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BRI paves way for shared prosperity in Central Africa

China Daily | Updated: 2024-04-08 09:20
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Livestreamers promote African goods during a trade expo in Changsha, Hunan province, in June. [Photo/Xinhua]

YAOUNDE, Cameroon — Central African leaders met in March in Bangui, capital of the Central African Republic, to celebrate the 30th anniversary of the Central African Economic and Monetary Community, a regional bloc, in hopes of highlighting past achievements and defining a roadmap for strengthening regional integration, while focusing on economic challenges and growth opportunities.

When CEMAC was set up in 1994, its members — Cameroon, Gabon, Equatorial Guinea, the Central African Republic, Republic of the Congo and Chad — aimed to enhance economic development through regional integration. The March event also offered the leaders an opportunity to consider how regional integration and development can be achieved under the China-proposed Belt and Road Initiative.

Since its launch in 2013, the BRI has been welcomed by all CEMAC countries as a model for cooperation with China in infrastructure development and socioeconomic transformation, said Elvis Ngolle Ngolle, an international relations expert and former Cabinet member of the Cameroonian government.

"Once you arrive in the CEMAC subregion, you will see plenty of Chinese company investment projects," said Ngolle.

Road to wealth

Thanks in large part to Chinese investments and expertise, CEMAC states have been blessed with the construction of some major mega-infrastructure projects in the transport sector.

A good example is the Kribi Deepwater Port, built by China Harbour Engineering Co Ltd in Cameroon's southern town of Kribi. While the new seaport, which is strategically positioned in the center of the Gulf of Guinea, has stimulated the country's economy, it has become a regional hub for the African Atlantic coast.

"With the Kribi port, Cameroon has once again placed herself as the port entry to the subregion. This (the port) has added more value to certain industrial projects in Chad, the Central African Republic and Congo," said Alain Patrick Mpila Ayissi, manager of the Land Development and Environment Department of the Port Authority of Kribi.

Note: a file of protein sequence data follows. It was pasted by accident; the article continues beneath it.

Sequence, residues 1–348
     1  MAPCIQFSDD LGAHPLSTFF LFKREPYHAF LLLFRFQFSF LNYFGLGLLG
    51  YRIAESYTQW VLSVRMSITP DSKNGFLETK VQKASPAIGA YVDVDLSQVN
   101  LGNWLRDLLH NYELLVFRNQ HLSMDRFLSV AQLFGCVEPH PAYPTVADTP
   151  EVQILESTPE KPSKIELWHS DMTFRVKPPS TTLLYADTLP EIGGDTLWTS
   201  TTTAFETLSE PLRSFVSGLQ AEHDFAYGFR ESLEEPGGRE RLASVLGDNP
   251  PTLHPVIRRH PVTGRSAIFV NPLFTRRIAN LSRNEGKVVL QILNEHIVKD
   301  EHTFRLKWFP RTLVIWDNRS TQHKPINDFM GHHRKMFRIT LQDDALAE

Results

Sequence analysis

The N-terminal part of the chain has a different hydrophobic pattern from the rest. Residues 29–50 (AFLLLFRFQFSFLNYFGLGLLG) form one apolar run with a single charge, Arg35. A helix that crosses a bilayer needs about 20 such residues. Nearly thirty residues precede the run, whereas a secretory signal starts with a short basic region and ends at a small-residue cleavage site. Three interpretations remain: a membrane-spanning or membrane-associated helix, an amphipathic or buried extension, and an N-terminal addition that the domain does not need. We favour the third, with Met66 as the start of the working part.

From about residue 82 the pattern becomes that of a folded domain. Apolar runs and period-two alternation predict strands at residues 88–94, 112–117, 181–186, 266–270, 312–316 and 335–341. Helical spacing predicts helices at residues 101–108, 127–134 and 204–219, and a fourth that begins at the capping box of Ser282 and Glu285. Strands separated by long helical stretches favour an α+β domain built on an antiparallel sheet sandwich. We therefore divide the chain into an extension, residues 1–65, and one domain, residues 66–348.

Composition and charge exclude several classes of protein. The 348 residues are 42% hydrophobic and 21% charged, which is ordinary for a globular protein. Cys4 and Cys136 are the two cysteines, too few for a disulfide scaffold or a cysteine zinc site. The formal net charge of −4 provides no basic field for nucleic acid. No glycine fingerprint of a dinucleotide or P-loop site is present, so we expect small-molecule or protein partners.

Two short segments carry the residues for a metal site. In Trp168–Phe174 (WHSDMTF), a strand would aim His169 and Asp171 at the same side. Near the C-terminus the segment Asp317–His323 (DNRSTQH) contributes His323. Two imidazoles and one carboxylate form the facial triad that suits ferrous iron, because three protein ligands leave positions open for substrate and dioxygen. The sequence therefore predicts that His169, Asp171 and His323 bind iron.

Currently, CHEC is busy constructing the Kribi Deepwater Port Phase II. After the completion of the project, it is expected to become a large container transit port and comprehensive hub port in Central and West Africa.

As part of the project, CHEC also constructed the Kribi-Lolabe highway, which will cater to the requirements of port transportation and logistics and contribute to local prosperity just like the road linking Cameroon to Congo.

The Cameroon-Congo road, constructed by contractors including Sinohydro, a Chinese civil engineering construction company, stretches 1,600 kilometers from Yaounde, capital of Cameroon, to Brazzaville, the Congolese capital. It has been nicknamed the "road of regional integration" by authorities.

James Essomba, who has been selling merchandise in the border town of Ntam, Cameroon's East Region, said that the new road is a game changer.

"At first, it was difficult to get goods from Congo. Now, both countries that have long traded with others outside the subregion are trading with each other. We have seen a remarkable increase in trade and profit," said the 65-year-old.

Clean water, energy

Laurence Wandji, 41, is a primary schoolteacher in Bafoussam, Cameroon's third-largest city. A big water tower stands just a few meters from Wandji's home. The tower was contracted by Chinese construction company CGCOC Group. In 2014, CGCOC Group arrived and set out to construct a water treatment plant and related facilities that could process 10,000 cubic meters of water daily in the city. It was part of a project to provide water to nine cities in Cameroon.

Currently, residents can enjoy round-the-clock water supply, thanks to the project.

"We can now take good showers even in the dry season thanks to China," said Wandji. "We can easily manage our daily activities which require water. Children no longer trek long distances to fetch water."

China has also emerged as a collaborator in furthering CEMAC energy generation goals. The subregion struggles with low energy generation and high tariff costs. Constructed by Sinohydro, Memve'ele Hydroelectric Power Station, a 211-megawatt hydroelectric power station in the Ntem Valley locality in Cameroon's South Region, could offer a sustainable solution.

"Once the dam is fully operational, the problem of electricity will be greatly reduced. It is also capable of supplying electricity to neighboring countries in CEMAC because of the strong flow of the river," said Augustine Mbah, an energy consultant.


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